The relentless rise in the popularity of Caesarean sections in recent years has been the subject of much handwringing.
As with our low breastfeeding rates, this generally takes the form of pious fretting about the trend and non-specific calls for something to be done.
And yet the graph continues upward as ever more women march – or are marched on the advice of their doctors – into the operating theatre for delivery, rather than giving birth naturally.
Overall, this is a bad thing. A Caesarean is an operation; it carries all the risk attending on any operation – bleeding, infection, adhesions, clots, etc. Recovery takes longer. Breastfeeding is harder. It costs more.
Asthma and obesity
Babies born by Caesarean section are more likely to develop asthma in childhood and to become overweight. Once a mother has one child delivered this way, it is overwhelmingly likely her other children will be delivered via Caesarean.
Certainly, there are risks attached to normal, vaginal deliveries. There are times when complications arise in a previously straightforward pregnancy and a Caesarean becomes necessary. However, for most women there should be no need to resort to the operating theatre to complete what is a natural process.
More research is being done into the reasons for the fourfold increase in the rate of Caesareans in the last 30 years. Caesareans are safer than ever and many lives – of mothers and babies – have been saved through having an alternative to normal delivery.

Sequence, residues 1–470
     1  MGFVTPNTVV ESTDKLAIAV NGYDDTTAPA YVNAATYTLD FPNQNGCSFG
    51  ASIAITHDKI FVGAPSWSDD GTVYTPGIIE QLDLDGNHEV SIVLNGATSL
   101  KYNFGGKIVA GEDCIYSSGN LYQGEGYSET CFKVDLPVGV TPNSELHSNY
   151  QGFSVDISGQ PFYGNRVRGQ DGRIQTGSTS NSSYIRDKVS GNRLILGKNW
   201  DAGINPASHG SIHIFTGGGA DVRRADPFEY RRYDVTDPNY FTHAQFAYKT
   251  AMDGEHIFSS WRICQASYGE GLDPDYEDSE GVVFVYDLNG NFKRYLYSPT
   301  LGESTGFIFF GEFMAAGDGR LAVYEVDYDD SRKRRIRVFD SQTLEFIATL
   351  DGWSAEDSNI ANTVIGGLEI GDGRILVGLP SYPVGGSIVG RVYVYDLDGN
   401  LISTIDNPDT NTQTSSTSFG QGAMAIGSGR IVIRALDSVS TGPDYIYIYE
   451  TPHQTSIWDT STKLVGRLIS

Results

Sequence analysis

Age of mother
This doesn’t explain the full extent of the increase. Another major reason is the changing profile of mothers. As this study shows, one-third of mothers giving birth are now aged over 35 years. Another study found an increase of over 40 per cent in just four years in the number of obese mothers at one Dublin maternity hospital.
Older mothers, and obese mothers, are more likely to have pre-existing health conditions that increase risk at delivery. High blood pressure, gestational diabetes and miscarriage are more common. Scheduling Caesareans at the right moment during pregnancy may offer the best chance of minimising risk.
Even after safety, age and weight issues are considered, there are other factors behind the trend toward C-sections. One Irish study found private patients were twice as likely to have pre-planned sections as women whose treatment was publicly funded. Other research has pointed to the day of the week as a somewhat unlikely factor influencing rates of inducing labour.
Meanwhile, huge variations persist in the Caesarean rates found in each of the State’s 19 maternity units. In general, the rates are lowest in the bigger units and highest in some of the smallest ones.
Medical injury cases
This suggests smaller units, with less specialist expertise and back-up, are more nervous about the legal risks of delivering women naturally where complications arise. You only have to look at recent reporting of medical injury cases to see why.
Up to one-fifth of Caesareans are elective rather than emergency procedures. Often, this arises due to the woman having had a previous section or the baby being in a breech position. Pure elective Caesareans that are not medically indicated also occur though there is, curiously, little enough information about the size of the “too posh to push” brigade.
What is missing from the debate is a meaningful plan to reverse current trends, one that takes account of long-term challenges such as obesity, women’s preferences for their labour and the culture of defensive medicine that Irish doctors are forced to practise in a litigious culture.